NEWS | OPINIONS | SPORTS | ARTS & LIVING | Discussions | Photos & Video | City Guide | CLASSIFIEDS | JOBS | CARS | REAL ESTATE
Keep Your Eye on the Benchmarks

By Dan Froomkin
Special to washingtonpost.com
Thursday, April 26, 2007; 1:54 PM

Editor's Note: White House Watch is on vacation Friday, April 27, and will resume publication Monday.

There is one thing that pretty much everyone agrees on regarding the situation in Iraq: Without Iraqi political progress, there is no chance for U.S. troops there to achieve their mission of leaving behind a peaceful country. There is even widespread agreement on some key benchmarks of political progress, and on how critically important it is that the Iraqi government achieve them.

Here's President Bush in his Jan. 10 prime-time address to the nation: "A successful strategy for Iraq goes beyond military operations. Ordinary Iraqi citizens must see that military operations are accompanied by visible improvements in their neighborhoods and communities. So America will hold the Iraqi government to the benchmarks it has announced."

The debate between Democrats and the White House over the war at this point is, at its heart, about whether those benchmarks can reasonably be achieved in a reasonable amount of time.

Democrats want to establish some firm deadlines for progress; Bush refuses to do so. Implicit in the Democratic position is that those benchmarks very likely won't get met anytime soon, so it's time to start planning a withdrawal. Implicit in the Bush position is that they will be met -- eventually.

Which side has a clearer vision of reality, therefore, would appear to be a matter of great significance.

Sudarsan Raghavan writes in The Washington Post this morning that "there has been little or no progress in achieving three key political benchmarks set by the Bush administration: new laws governing the sharing of Iraq's oil resources and allowing many former members of the banned Baath Party to return to their jobs, and amendments to Iraq's constitution. As divisions widen, a bitter, prolonged legislative struggle is hindering prospects for political reconciliation. . . .

"Other benchmarks such as provincial elections, a political agreement on dismantling militias and a program for reconciliation announced last July also have not moved forward, Iraqi officials said. . . .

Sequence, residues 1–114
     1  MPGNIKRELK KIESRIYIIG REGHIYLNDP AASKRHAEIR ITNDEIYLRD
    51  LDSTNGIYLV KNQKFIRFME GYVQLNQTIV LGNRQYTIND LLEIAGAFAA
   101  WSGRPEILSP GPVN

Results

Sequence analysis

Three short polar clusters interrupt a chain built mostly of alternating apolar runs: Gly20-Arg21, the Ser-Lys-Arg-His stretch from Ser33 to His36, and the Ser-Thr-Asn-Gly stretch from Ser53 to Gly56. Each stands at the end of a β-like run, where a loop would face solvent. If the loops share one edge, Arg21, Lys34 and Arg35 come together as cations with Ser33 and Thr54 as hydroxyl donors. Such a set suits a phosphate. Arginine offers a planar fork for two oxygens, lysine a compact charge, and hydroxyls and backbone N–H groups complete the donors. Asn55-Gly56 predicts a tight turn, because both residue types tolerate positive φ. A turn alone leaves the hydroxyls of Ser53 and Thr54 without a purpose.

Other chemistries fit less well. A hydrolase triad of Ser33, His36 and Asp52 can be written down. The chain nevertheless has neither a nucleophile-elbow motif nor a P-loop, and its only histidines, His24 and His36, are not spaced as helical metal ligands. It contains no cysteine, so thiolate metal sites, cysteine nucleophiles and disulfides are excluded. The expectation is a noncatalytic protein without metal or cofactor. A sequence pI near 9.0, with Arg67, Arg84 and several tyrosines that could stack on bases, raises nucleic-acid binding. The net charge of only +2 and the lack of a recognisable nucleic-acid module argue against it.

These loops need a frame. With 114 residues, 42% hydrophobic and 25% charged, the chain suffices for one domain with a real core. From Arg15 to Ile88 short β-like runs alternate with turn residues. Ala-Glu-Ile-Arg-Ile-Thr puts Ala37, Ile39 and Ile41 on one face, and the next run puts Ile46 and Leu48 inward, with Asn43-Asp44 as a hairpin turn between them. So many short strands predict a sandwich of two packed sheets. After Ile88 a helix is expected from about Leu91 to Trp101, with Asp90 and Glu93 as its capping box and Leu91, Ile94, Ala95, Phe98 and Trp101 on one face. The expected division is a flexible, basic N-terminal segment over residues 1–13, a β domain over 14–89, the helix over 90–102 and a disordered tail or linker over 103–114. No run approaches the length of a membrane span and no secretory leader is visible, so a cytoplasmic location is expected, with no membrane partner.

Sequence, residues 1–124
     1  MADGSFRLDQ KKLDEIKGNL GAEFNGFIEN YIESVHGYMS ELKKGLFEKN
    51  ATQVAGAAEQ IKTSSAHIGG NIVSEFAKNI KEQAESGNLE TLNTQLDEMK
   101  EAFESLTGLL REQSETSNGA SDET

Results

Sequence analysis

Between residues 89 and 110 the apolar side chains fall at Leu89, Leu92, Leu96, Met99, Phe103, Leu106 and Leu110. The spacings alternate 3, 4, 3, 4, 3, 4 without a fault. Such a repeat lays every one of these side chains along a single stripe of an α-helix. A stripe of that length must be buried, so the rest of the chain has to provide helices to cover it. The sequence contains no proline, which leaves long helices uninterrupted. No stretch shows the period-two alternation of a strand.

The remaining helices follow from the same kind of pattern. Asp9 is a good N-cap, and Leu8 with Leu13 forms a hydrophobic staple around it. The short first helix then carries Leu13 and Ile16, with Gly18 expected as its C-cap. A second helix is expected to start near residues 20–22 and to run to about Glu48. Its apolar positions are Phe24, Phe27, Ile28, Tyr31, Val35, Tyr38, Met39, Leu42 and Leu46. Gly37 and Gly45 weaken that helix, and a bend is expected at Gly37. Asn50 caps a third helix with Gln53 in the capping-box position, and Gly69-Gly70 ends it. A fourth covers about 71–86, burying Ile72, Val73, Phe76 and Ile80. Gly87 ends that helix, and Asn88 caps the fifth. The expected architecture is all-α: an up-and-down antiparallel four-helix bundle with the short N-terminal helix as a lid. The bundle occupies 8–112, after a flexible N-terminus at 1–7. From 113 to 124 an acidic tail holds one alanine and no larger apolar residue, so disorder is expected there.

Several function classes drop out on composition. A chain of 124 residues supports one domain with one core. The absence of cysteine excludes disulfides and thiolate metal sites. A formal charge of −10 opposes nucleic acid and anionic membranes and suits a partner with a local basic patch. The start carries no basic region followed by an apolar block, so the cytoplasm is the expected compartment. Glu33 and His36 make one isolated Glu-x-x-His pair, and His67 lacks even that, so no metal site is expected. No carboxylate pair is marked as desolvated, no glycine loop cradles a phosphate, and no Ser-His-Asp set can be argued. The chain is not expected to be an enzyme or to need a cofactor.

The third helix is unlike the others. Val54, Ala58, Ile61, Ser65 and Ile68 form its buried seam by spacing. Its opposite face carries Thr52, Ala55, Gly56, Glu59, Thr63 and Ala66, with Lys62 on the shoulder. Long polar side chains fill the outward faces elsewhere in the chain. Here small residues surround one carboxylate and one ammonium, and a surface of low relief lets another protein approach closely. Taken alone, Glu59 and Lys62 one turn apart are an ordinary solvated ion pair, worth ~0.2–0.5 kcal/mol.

"U.S. military commanders say a key goal of the ongoing security offensive is to buy time for Iraq's leaders to reach political benchmarks that can unite its fractured coalition government and persuade insurgents to stop fighting.

"But in pressuring the Iraqis to speed up, U.S. officials are encountering a variety of hurdles: The parliament is riven by personality and sect, and some politicians are abandoning Prime Minister Nouri al-Maliki's government. There is deep mistrust of U.S. intentions, especially among Shiites who see American efforts to bring Sunnis into the political process as an attempt to weaken the Shiites' grip on power."

U.S. officials apparently face a particular conundrum in that the harder they push, the slower the Iraqis are.

"Many Iraqi politicians view the U.S. pressure as bullying that reminds them they are under occupation. And the security offensive, bolstered by additional U.S. forces, has failed to stop the violence that is widening the sectarian divide. . . .

"'When the Americans give orders, people will be more against it,' [Mahmoud Othman, an independent Kurdish legislator] said. 'That's what the Americans don't understand.'"

Raghavan doesn't even mention the failure to achieve the first and most concrete benchmark White House officials put forth back in January. When Bush first announced he was sending more American troops to Iraq, skeptical journalists asked the two senior administration officials briefing them why they should believe that the Iraqis would be able to meet their obligations this time around.